Why you shouldn't pay down your mortgage faster
Wed Aug 29, 9:51 pm
The impulse to pay off your mortgage more quickly than you need to is understandable, especially these days.
Interest rates are near historic lows, so it's possible to replace a 30-year mortgage with a 15-year loan and still afford the monthly payments. Or, if you've already refinanced at a dirt cheap rate, you can take those savings and pay down your principal faster.
But the allure is more emotional than financial. Mortgage debt provides great financial flexibility, and paying it down fast probably isn't the best way to grow your nest egg.
"Generally speaking, there's no advantage to paying down a mortgage earlier than you need to," says Greg McBride, senior financial analyst at Bankrate.com
That's because the interest on mortgages is low, it helps lower your taxes, and paying less every month gives you chance to reinvest the savings in more productive ways. Among the better options: paying down higher-interest credit cards, or saving for retirement.
Start with rates on 30-year mortgages. The average rate is 3.66 percent, close to the lowest level since the 1950s.
But in reality you pay an even lower rate when factoring in tax breaks. The federal government gives borrowers a break by allowing them to deduct mortgage interest from their income. And if instead of using the extra cash to pay down your mortgage you put it in a tax-advantaged retirement fund like a 401(k), your taxes are reduced even further.
Jim Sharvin, a certified public accountant with the firm McDowell Dillon & Hunter in Torrance, Calif. says if you are thinking of paying down the principal of a mortgage more quickly than necessary — either by switching to a shorter-term loan or sending extra principal payments to the bank — consider first doing the following:
— Pay down all high-interest debt, like a credit card. It's the first priority because it's very expensive debt, and it has no tax or other financial benefit.
— Build a cash cushion to cover unexpected expenses or loss of income.
— Bolster your retirement savings by putting the maximum amount allowed by law into a tax-sheltered plan such as a 401(k), a 403(b), or IRA. This also reduces your taxes.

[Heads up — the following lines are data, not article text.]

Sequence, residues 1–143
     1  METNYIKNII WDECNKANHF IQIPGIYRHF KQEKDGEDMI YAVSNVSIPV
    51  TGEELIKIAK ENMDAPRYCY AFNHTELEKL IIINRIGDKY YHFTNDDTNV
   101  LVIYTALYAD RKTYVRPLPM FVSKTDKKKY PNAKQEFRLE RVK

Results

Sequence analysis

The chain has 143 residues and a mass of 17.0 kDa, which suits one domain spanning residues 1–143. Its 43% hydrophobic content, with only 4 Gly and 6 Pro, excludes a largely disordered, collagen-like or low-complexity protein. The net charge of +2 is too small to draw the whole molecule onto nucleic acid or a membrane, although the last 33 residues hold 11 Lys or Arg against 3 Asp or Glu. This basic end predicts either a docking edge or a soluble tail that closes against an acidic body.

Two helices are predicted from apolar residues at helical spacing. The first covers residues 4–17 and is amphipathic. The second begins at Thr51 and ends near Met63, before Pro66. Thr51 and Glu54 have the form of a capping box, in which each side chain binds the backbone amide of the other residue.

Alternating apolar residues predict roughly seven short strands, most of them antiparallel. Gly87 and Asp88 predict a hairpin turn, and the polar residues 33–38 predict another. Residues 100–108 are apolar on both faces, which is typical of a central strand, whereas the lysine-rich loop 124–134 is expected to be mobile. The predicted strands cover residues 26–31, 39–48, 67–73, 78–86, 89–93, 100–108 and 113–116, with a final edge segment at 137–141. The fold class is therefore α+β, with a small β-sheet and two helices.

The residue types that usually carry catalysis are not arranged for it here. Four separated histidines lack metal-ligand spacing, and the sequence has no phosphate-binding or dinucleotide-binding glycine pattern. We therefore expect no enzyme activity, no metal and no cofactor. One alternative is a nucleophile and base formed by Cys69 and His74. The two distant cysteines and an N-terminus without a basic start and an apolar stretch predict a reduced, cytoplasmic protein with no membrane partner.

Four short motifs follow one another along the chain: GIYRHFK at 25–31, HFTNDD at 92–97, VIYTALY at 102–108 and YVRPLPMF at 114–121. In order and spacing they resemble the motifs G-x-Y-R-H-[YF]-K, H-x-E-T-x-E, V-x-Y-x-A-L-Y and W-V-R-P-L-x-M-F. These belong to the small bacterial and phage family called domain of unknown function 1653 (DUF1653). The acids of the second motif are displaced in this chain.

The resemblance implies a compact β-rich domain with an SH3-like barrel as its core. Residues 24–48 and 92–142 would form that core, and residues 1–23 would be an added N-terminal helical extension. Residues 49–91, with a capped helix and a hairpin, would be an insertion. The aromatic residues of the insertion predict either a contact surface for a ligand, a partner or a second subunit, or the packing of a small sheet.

— Fund a college savings program such as a 529 plan for your children, especially if you live in a state with an income tax. These programs shelter the money from state and local income taxes.
Once these priorities are taken care of, the next step is a matter of preference.
You could take the money you borrowed at 3 percent and try to reinvest it in a way that earns more than that. If you have time to ride out ups and downs of the market, 3 percent should be relatively easy to beat.
Or you could pay down your mortgage quickly. If you are just going to park your money in money market funds or certificates of deposit that yield less than 3 percent, it makes sense to pay down that mortgage debt. And it sure would be nice to have no mortgage when you retire.
There are other situations where it's smart to pay down a mortgage early.
The first scenario is when you're trying to eliminate the cost of private mortgage insurance, or PMI. That's the insurance you must carry if you put down less than 20 percent on your home. It makes sense to speed up payments on your principal until you're allowed to drop the insurance.
It's also good to pay down your mortgage if you don't have the discipline to reinvest extra money wisely. Handing the money to your mortgage company is one way to protect you from yourself.
Even if paying down a mortgage fast is the best choice, there are smarter ways than opting for a 15-year loan. That's because the shorter term locks you into a higher payment, and that can become a burden if money gets tight.
A 30-year loan gives you options. If find yourself with extra money, then pay down the principal as aggressively as you like. But if you're short, scale back to the regular monthly amount. That flexibility is probably worth the slightly higher interest rate on the 30-year loan these days, Sharvin says.
To compare a 15- and 30-year mortgage, consider this example: One homeowner with a $200,000 loan chooses a 3.75 percent 30-year mortgage, which costs $926 per month. Another chooses a 3 percent, 15-year mortgage, which costs $1,381 per month.
The homeowner with the 30-year loan ends each year with $5,460 in savings from lower payments and a tax break of about $770. He puts all that money into a 401(k), saving himself an additional $1,560 in taxes. That's a total annual savings of about $7,800. If he earns a 5 percent return over 15 years, the homeowner will have accrued $170,000.
The homeowner with the 15-year loan will have no extra savings after 15 years. But then his mortgage payments will end. He'll try to catch up, but he's starting from so far behind that by the time 30 years are up — and both loans are paid off — the homeowner with the 30-year loan will have $124,000 more in savings.
Follow Jonathan Fahey at http://twitter.com/JonathanFahey .